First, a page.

• You receive easy access to PHPMyAdmin within cPanel as well as the ability to create and update your MySQL databases
  • There are endless number of email management options (as is the case with most cPanel installations) eg forwarding rules, autoresponders, etc.
  • All of the standard options like hotlink protection and IP address blocking, as well as setting up cron jobs, are also included

In short, you can’t really go wrong. We like their installation of cPanel and it has everything the average user could need.

GoDaddy Customer Service

  • Live chat support: yes
  • Ticketing support: no
  • Phone support: yes

GoDaddy, like a number of EIG brands, doesn’t offer ticketing support.

The ticketing platform was removed in 2014 and, according to Nick Fuller of GoDaddy, “customers love the ‘real time’ support experience. Email is not instantaneous and in fact many in the industry are putting an end to their email service as well because fewer than half of tech customers believe their problem can be solved by email – it’s sort of going the way of the cassette tape.”

Email is going the way of the cassette tape? That’s more than a slight exaggeration; according to the Radicati Group 205 billion emails were sent every day in 2015; they estimate that figure is 247 billion per day in 2017 (hardly the ‘cassette tape’, is it?).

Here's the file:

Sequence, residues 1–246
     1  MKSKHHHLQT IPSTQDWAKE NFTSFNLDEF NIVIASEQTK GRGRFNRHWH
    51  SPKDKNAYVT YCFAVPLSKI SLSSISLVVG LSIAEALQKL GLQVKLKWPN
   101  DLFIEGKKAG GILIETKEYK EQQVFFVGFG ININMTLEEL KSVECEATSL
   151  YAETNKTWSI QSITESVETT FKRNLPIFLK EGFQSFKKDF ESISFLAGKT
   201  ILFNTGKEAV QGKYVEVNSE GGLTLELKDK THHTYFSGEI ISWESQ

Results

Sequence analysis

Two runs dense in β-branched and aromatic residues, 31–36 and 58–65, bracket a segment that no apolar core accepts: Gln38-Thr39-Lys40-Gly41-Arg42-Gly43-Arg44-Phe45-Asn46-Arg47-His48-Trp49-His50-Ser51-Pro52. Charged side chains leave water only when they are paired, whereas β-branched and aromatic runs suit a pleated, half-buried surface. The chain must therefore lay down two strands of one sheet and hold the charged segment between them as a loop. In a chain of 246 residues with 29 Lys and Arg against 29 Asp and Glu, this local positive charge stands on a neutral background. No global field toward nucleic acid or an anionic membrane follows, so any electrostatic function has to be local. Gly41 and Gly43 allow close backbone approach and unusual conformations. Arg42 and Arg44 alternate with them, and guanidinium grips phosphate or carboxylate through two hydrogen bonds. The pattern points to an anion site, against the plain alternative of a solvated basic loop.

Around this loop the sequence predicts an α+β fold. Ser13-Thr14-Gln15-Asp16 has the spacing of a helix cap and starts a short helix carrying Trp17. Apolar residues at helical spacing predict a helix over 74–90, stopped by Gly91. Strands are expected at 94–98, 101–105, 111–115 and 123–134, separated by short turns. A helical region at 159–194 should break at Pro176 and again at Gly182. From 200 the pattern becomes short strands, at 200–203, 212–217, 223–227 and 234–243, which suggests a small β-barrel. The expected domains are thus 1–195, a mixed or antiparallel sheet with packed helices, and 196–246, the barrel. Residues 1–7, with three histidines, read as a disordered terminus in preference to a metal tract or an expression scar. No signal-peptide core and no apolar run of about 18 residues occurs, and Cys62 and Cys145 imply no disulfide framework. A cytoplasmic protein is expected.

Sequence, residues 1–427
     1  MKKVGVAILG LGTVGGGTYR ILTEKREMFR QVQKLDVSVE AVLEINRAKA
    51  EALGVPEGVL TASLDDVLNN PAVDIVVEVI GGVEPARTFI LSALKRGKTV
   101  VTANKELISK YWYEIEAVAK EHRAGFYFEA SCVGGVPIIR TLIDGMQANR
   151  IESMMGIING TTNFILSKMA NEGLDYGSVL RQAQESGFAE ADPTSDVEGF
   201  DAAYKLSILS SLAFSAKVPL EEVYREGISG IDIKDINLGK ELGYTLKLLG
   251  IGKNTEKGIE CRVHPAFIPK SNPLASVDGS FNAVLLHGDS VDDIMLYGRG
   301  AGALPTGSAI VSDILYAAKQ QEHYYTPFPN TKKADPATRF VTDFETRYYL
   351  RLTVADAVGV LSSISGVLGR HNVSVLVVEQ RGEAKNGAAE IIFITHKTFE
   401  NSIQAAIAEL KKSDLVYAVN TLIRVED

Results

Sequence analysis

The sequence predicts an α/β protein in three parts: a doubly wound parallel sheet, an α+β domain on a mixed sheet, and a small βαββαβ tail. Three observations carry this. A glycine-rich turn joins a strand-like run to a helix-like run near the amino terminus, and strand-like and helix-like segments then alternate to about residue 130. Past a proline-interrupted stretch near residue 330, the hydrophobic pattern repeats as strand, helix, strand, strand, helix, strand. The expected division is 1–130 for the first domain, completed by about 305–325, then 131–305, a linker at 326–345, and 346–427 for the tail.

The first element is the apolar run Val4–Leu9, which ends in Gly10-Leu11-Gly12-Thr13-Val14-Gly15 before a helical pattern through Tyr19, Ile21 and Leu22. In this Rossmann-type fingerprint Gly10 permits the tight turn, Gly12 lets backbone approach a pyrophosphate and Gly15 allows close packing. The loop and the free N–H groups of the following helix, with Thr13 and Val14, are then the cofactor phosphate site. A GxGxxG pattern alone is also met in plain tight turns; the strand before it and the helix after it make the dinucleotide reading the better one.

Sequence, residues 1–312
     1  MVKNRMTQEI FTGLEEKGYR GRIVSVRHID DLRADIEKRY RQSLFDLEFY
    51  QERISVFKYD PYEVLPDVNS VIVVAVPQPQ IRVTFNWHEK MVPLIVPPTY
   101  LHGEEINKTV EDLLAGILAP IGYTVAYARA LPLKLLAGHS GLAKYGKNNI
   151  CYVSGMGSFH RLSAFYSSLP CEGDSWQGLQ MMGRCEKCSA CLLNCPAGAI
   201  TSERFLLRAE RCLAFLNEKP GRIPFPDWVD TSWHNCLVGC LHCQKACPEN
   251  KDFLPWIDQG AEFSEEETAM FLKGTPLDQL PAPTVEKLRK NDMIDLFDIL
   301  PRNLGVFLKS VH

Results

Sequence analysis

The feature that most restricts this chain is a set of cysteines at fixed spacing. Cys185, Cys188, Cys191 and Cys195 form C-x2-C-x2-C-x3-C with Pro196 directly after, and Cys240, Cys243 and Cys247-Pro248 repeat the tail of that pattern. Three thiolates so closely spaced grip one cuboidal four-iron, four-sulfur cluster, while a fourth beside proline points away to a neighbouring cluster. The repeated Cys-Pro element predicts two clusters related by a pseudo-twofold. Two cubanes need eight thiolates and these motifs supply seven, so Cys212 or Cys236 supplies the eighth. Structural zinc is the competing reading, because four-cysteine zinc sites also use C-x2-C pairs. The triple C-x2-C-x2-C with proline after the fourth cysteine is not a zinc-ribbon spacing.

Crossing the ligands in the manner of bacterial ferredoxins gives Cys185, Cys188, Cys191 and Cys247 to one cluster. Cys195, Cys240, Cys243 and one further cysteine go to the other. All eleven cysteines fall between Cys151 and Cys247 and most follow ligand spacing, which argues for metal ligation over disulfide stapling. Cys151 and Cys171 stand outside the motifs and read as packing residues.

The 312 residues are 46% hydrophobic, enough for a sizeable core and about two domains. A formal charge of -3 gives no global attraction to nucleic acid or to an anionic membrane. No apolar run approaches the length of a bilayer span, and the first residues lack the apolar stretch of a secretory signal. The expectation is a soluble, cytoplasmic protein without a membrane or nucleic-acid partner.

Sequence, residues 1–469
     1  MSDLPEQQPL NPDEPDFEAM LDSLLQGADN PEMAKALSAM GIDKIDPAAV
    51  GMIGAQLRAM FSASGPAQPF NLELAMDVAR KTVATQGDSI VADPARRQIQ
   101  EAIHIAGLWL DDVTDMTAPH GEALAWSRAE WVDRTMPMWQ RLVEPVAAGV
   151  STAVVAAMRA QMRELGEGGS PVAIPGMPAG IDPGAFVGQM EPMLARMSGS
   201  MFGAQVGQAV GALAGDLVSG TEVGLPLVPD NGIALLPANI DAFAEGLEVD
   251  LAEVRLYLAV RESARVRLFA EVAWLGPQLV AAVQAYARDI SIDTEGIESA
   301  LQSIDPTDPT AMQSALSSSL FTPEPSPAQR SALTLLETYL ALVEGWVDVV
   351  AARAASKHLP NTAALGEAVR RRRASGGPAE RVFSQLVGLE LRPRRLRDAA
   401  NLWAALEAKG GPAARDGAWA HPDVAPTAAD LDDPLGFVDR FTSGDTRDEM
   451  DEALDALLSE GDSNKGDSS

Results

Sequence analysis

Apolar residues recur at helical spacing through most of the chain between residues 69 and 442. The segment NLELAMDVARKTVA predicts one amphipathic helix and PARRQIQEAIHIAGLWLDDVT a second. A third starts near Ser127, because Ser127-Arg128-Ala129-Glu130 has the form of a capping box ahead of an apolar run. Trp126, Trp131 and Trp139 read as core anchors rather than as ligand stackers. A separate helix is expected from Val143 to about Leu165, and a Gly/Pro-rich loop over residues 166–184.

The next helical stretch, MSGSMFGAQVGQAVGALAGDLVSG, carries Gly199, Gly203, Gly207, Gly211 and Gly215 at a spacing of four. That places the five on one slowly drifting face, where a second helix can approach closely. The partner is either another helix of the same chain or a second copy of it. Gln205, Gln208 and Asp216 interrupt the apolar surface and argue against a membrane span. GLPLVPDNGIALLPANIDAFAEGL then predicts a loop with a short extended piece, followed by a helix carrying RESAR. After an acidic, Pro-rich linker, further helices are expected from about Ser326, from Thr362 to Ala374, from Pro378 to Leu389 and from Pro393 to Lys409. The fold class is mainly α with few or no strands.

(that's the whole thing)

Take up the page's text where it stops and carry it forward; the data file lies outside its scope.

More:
A cynic may think it’s cheaper for GoDaddy to facilitate live chat enquiries than it is to facilitate email enquiries. However, there are a number of other factors:

  1. Live chat is a more accessible form of contact while other enquiries are routed through email. When you remove email as an option, guess what happens to live chat? Those who formerly used email now need to use live chat.
  2. Emails can be sent and left; they are an infinitely superior method of communication for busy people who don’t want to have to wait for 30 minutes to get through to a live chat operator.

All in all, we can’t recommend a web host which doesn’t offer customer support by email (or the ‘cassette tape’, as they refer to it).

We tried their live chat but – and this probably won’t surprise you – we couldn’t get through. Rather, we were given this:

GoDaddy - Live Chat

Shocking, eh? (detect the sarcasm) Of course, if you can’t get through to live chat, and you don’t like the idea of trying to spell URLs over the phone, you can always use GoDaddy’s ‘community’ forums.

3 month term - economy

Price

$7.99

Bandwidth:

Unmetered

Storage:

100GB

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12 month term - economy

Price

$4.49

Bandwidth:

Unmetered

Storage:

100GB

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24 month term - economy

Price

$3.99

Bandwidth:

Unmetered

Storage:

100GB

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36 month term - economy

Price

$2.99

Bandwidth:

Unmetered

Storage:

100GB